Reading Kristin Cashore’s article, “Hot Dog, Katsa!” in the Jan/Feb 2010 Horn Book (first issue entirely in color!) reminded me why I admire good fantasy writers so much! It also made me search online and re-read two fantastic articles that also discuss fantasy world building and what makes Good fantasy stories outstanding (or what makes them less so.) These two articles are Sam Swope’s review in the New York Times: Moonlighting (partially about fantasy books but the focus is on adult writers writing for children) and Jane Langton’s The Weak Place in the Cloth: A Study of Fantasy for Children from the October 1973 issue of The Horn Book Magazine.
I am not embarrassed to report that tears rushed into my eyes as I was moved by some of these authors’ (all fantasy world building masters themselves) insights. I won’t repeat everything they say here — please please read their articles. In essence, all three agree that:
just because a writer can dream up a whole lot of fantastic situations, weird creatures, and unusual characters does not make this writer a good fantasy storyteller. In fact, without the harnessing power of logic, realism, and careful planning — in short, the self-editing process — the work could turn out to be a huge and unconvincing mess.
In Cashore’s article, she also specifically points out the importance of selecting appropriate words in keeping with the setting of the fantasy world. As the title indicates, you don’t say, “Hot dog, Katsa!” because it takes the reader out of the world of vaguely medieval setting (in her book Graceling) and shatters the otherwise solidly constructed illusion of a magical realm that could have actually existed.
I think that is why I felt so jarred when encountering the word “okay” on page 4 in the 2010 Newbery Honor title Where the Mountain Meets the Moon by Grace Lin. This book is set in a mythical, undetermined, but quite solidly yesteryear China. There is no usage of electricity or references of modern day conveniences. Instead, one meets dragons, talking gold fish, the Goddess of Heaven, and many other fanciful characters while the people work the earth and walk long ways on foot and push carts to sell their goods. So, seeing a highly Americanized and fairly contemporary word like “okay” used in the dialog between the main character and her father made me cringe.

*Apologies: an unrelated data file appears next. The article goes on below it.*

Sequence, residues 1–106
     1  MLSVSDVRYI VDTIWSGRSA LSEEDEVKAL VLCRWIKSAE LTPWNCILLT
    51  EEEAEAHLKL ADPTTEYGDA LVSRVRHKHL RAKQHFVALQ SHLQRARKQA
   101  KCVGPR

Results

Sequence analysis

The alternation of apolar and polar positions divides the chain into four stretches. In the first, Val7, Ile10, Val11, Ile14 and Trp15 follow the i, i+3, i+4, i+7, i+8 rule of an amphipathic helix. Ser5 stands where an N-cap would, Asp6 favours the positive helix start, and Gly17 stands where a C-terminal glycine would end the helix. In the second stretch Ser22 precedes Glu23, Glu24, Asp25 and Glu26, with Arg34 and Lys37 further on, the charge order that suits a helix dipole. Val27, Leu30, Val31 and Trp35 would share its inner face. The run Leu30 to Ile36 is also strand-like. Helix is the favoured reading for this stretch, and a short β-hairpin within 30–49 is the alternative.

As a lover of fantasy, I have formed certain ideas. I hold quite tightly a set of internalized rules. In short, I ask a lot of the storytellers. I want them to be versed in the fundamental requirements of good fantasy world building as presented in the articles cited above. Or, at least, as mentioned in Cashore’s article, I want them to let their characters talk in the “right” language, with the “right” tone. Of course, what is right or what is not right might vary from one reader to the next in certain cases. But, there is a general sense of the time and place where people talk a certain way which is not so hard to pin down. In the case of Minli and her father (Ba,) OKAY is simply Not OK.
Of course, this is not the only book where OK or Okay are used casually by authors when their characters should have no inkling of what this word might mean. (According to the OED, the expression “OK” meaning “all correct, all right” did not appear until early 19th century USA.)
So, I am making a fairly personal and weak plea to authors of fantasy novels — unless the world you have built is firmed anchored in a post-early-19th century world (like the one in Percy Jackson and the Olympians,) would it be possible to curb your urge to use OK and find another expression more in keeping with the setting of your world?